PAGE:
Gorleston centenarian celebrates with a stripper
WHILE most hundred-year -olds mark their milestone with a glass of sherry and a singalong, Frances Daniels celebrated with a strutting stripper.
Proving that you are never too old for a saucy giggle the centenarian clapped along while kissagram “copper” Johnny Bravo stripped to his boxer shorts.
Delighted residents at the St Edmunds seaside care home in Gorleston were reportedly stunned when the ordinary looking policeman launched into dance to a hip hop soundtrack.
The sexy surprise topped off a series of birthday events for Mrs Daniels who was joined by loving family who had travelled thousands of miles to help her celebrate.
She marked her big day on Friday with a meal at the Cliff Hotel with 28 loved ones, made extra special by a visit from her son Tony, daughter Joan and son-in-law Ken from their homes in Virginia, United States.
And it was the following day, at a celebration in St Edmund’s, that she and fellow residents received the surprise of their lives.
Manager at the home, Sue Harvey, said staff often organised a stripper for 100-year-olds and had done two before.
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“He arrived and gave me a disc of his music that was very different to what had been playing before,” she said. “When he came walking in and the residents wondered what was wrong.
“Then he started dancing. Frances was really laughing and her family were clapping. I was sitting next to her and she kept saying ‘oh, how lovely’. He made a point of dancing around her but he didn’t strip off completely.”
It was just another experience to add to a long list for Frances, who credits staying healthy and old-fashioned food for her long life.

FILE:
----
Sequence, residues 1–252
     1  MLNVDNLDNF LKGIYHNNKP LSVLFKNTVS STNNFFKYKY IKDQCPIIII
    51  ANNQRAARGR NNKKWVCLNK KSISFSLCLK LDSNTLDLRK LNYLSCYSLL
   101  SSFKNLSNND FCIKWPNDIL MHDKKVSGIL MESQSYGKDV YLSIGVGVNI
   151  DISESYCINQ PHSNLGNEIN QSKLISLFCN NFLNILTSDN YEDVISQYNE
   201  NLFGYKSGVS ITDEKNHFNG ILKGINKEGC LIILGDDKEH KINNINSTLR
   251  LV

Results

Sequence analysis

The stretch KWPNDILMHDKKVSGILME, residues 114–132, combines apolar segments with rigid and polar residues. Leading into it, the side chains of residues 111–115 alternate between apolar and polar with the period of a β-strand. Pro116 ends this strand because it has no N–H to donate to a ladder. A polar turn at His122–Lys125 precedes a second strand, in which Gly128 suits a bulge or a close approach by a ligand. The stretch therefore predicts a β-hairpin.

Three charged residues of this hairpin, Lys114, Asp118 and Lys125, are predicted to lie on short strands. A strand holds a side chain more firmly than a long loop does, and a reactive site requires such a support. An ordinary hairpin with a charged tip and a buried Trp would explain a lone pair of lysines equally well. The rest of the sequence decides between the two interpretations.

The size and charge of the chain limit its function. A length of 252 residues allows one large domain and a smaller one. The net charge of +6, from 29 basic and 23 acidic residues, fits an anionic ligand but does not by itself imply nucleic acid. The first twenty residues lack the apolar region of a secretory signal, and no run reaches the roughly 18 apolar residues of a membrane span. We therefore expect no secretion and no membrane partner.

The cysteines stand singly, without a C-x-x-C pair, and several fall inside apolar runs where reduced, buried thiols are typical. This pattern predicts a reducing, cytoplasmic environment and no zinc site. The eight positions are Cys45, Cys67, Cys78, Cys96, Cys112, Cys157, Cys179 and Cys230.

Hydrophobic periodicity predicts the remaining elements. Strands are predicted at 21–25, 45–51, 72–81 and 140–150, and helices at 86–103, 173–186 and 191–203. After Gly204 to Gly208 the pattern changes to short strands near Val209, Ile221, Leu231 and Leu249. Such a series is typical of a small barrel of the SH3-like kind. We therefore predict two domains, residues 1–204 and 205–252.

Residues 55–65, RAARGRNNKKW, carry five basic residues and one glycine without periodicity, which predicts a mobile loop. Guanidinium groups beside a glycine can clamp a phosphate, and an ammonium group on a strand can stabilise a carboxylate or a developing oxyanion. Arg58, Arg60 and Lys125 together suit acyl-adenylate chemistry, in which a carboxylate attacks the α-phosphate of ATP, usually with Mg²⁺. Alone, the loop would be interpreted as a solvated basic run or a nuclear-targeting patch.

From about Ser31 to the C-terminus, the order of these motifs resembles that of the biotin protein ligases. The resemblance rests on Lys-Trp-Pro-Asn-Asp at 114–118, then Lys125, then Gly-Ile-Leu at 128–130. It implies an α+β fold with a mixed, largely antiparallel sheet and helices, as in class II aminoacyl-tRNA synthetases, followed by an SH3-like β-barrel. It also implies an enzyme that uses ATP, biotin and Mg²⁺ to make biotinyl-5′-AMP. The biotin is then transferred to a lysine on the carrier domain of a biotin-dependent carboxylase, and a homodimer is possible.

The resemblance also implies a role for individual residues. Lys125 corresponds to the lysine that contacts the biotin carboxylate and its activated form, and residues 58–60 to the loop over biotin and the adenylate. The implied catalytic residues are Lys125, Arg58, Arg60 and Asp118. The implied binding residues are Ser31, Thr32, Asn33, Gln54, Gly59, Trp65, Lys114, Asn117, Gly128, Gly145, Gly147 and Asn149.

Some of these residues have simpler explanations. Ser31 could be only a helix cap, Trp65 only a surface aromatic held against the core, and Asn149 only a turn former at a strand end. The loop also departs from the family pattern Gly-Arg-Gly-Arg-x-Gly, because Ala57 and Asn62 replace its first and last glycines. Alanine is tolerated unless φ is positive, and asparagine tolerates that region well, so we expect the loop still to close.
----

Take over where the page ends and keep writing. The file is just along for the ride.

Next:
“I never had anything wrong with me until I was 91 and I only went to the hospital for the first time last year. I’ve never smoked and only drink in company, and I’ve always loved foods like pea soup, stew and beef pudding.”
One of five siblings, Frances went to Nelson School and started working at Arnolds aged 14 before heading over to Johnson’s where she was in the factory line making shirts and jeans.
After meeting at a skating rink in Wellington Pier, she married George Story in St Nicholas Church aged 18 and settled down to care for their first child, Joan, born a year later.
The couple survived the second world war, despite a close scrape with a football-sized piece of flint that fell through their roof after a bomb hit a nearby silk mill, and were briefly evacuated to Peterborough before returning to have their second child, Tony, in 1945.
After George died, Frances went on to work at The Garibaldi night club and the Ocean Room in Gorleston, where she was manager of a cleaning crew.
She married again, to Douglas Daniels in 1961, and they soon started starting making regular trips to see the children in America.
To fund the visits, Frances worked until she was 80 in the summer at a tea stall on Yarmouth sea front.
And it was following the death of Douglas in 1992 that just two years ago she moved from their council home to St Edmunds.
For Frances, who said she loved where she was, marking 100 years of life with a stripper was just one highlight in a list of many over those few days.
She said: “I’ve had a very happy childhood and lifetime and I’ve got friends and that’s always important.
“It’s just been a gorgeous week and it’s been wonderful. I’ve had such a happy time and it was so good to see my family.”
Stripper Johnny Bravo who travelled form Hunstanton for the booking added: “I’ve done it for an 85-year-old before but not a 100-year-old. I kept it pretty tame and she was a good sport – it was a good gig.”